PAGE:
American Presidents and Education

By Maurice R. Berube | Go to book overview

"broke the logjam of federal aid to education"--certainly important in itself. 121 Moreover, he pointed out that ESEA "drastically changed the terms of congressional, and later, educational debate" by shifting the focus from teachers and their salary needs to the "special needs of children." 122 Finally, Halperin observed that a large impact was that ESEA "strengthens the federal system in education." 123

In summary, the Great Society transformed education in America. Education became a major national issue that was addressed by a president of the United States who shaped an educational agenda. The Great Society defined the way issues of equity--poverty and civil rights--would be handled; the federal government projected that national agenda onto the states and localities. Not until the excellence reform movement of the 1980s would the federal government delegate that influence to the states.

Moreover, that federal influence was felt despite minimal funding by the government. Federal expenditures accounted for approximately 8 percent of the nation's education bill. Indeed, Samuel Halperin calculated that Title I monies never reached beyond a minuscule $200 per pupil per year for the 5 to 6 million poor students that Title I helped during the period 1965- 1975--a low 3 percent increment in the cost of educating a poor student. 124 The expenses of a war in Vietnam did much to curtail government spending on Great Society programs.

In conclusion, Johnson became the education president against whom all others will be measured. He mounted a bully pulpit for the cause of public education and enacted far-reaching, innovative and substantive programs that have left their mark on America.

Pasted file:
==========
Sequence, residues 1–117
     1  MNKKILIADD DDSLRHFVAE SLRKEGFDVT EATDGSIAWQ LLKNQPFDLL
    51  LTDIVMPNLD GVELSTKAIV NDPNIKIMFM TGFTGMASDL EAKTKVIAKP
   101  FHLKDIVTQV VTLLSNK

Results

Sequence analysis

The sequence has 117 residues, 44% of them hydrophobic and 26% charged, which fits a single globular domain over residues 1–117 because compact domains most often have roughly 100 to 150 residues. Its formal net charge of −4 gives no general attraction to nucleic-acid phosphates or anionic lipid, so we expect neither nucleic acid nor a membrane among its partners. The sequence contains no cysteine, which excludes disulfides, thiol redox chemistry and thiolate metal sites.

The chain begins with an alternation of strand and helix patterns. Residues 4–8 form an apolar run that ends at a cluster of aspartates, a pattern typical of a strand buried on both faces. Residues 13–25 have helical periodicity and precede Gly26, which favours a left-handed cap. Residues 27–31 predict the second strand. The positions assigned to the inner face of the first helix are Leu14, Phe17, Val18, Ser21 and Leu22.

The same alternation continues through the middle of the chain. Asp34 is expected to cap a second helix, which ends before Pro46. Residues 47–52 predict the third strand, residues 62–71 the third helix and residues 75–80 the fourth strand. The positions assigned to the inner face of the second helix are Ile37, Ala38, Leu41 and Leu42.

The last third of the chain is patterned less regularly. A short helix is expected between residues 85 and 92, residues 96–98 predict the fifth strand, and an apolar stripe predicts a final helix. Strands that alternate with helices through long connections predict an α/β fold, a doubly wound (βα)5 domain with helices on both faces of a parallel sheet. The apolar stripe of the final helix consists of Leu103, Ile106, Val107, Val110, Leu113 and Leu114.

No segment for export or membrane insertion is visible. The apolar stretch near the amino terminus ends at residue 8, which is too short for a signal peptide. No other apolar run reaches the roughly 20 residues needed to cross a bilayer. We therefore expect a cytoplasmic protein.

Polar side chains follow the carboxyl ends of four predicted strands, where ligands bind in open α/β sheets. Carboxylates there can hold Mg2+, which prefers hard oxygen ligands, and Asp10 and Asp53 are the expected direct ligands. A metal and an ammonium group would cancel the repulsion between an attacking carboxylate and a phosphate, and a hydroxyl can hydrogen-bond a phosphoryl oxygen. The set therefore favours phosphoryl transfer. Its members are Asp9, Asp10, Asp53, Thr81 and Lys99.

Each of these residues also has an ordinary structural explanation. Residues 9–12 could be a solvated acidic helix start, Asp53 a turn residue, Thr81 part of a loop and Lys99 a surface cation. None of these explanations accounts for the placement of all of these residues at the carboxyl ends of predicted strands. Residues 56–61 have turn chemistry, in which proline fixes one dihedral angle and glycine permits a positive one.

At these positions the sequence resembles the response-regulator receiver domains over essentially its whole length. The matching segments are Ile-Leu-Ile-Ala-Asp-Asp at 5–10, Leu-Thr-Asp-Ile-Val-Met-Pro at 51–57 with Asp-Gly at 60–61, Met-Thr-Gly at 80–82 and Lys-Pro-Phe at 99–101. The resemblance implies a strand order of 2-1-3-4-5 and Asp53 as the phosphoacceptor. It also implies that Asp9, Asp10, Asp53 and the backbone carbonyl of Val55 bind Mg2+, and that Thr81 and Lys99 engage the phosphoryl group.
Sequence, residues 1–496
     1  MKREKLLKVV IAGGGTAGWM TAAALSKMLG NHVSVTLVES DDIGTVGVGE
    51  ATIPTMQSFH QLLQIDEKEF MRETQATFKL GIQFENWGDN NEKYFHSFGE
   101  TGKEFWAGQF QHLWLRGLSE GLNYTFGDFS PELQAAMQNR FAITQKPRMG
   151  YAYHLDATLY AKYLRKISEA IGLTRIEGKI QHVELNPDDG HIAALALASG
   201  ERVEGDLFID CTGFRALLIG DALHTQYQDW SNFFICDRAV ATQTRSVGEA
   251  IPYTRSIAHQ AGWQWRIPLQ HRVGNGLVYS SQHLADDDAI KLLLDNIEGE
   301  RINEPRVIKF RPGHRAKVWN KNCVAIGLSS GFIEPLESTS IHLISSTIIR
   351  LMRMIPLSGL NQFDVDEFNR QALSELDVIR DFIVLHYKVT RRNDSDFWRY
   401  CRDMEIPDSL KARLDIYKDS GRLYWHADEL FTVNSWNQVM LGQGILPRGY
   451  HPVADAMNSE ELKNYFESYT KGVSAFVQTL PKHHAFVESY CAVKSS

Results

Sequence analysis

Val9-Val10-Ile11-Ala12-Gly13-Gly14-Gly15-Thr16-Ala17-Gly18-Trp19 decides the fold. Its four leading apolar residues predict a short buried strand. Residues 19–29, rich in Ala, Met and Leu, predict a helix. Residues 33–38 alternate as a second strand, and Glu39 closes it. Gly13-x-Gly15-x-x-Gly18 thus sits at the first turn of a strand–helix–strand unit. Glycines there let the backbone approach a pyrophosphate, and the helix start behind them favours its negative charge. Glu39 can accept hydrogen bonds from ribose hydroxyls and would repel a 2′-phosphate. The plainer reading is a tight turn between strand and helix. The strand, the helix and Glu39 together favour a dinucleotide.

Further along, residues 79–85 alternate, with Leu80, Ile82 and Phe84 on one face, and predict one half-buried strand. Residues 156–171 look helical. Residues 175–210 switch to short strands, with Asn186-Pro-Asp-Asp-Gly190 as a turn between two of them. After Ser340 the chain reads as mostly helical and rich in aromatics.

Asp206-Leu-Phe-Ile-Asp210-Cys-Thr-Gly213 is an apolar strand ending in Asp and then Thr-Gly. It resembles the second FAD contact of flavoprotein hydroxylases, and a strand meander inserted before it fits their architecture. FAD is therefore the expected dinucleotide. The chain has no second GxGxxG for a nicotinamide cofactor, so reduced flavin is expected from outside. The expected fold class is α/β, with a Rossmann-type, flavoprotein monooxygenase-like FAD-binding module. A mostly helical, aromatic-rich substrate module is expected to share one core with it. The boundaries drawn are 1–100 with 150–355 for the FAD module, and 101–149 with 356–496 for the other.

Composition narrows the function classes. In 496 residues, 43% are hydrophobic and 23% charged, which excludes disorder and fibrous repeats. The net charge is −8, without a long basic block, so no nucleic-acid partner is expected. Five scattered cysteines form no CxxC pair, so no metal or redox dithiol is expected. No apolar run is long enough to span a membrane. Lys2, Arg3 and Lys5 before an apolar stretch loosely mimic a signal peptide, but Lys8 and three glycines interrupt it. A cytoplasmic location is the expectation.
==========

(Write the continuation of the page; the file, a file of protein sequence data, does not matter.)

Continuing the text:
NOTES
1.
Charles Dean McCoy, The Education President: Lyndon Baines Johnson's Public Statements on Instruction and the Teaching Profession (Austin: University of Texas Press, 1975), p. 74.
3.
Lyndon B. Johnson, The Vantage Point: Perspective on the Presidency (1963-1969) ( New York: Holt, Rinehart and Winston, 1971), p. 19.
4.
Lyndon B. Johnson, "The Goals: Ann Arbor," in The Great Society Reader: The Failure of American Liberalism, ed. Marvin E. Gettleman and David Mermelstein ( New York: Random House, 1967), p. 15.
5.
Francis Keppel, "Oral History Interview" (transcript), Austin, Tex., Lyndon B. Johnson Presidential Library, April 21, 1969, p. 7.
6.
Wilbur Cohen, "Oral History Intreview" (transcript), Austin, Tex., Lyndon B. Johnson Presidential Library, March 2, 1969, tape 3, page 16.
8.
George Reedy, Lyndon B. Johnson: A Memoir ( New York: Andrews and McNeel, 1982), p. 22.
9.
Keppel, "Oral History Interview," pp. 3-4.

-81-

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American Presidents and Education
Table of contents

Table of contents

  • Title Page iii
  • Contents vii
  • Acknowledgments ix
  • 1 - Education and the Presidency 1
  • Notes 9
  • 2 - Education for Democracy 13
  • Notes 27
  • 3 - Education for the Economy 31
  • Notes 52
  • 4 - Lyndon B. Johnson (1963-1969) and the Equity Reform Movement 59
  • Notes 81
  • 5 - Ronald Reagan (1981-1989) and the Excellence Reform Movement 87
  • Notes 115
  • 6 - George Bush (1989- ) and National Standards 121
  • Notes 138
  • 7 - A National Framework 143
  • Notes 152
  • Bibliography 155
  • Index 165
  • About the Author 171
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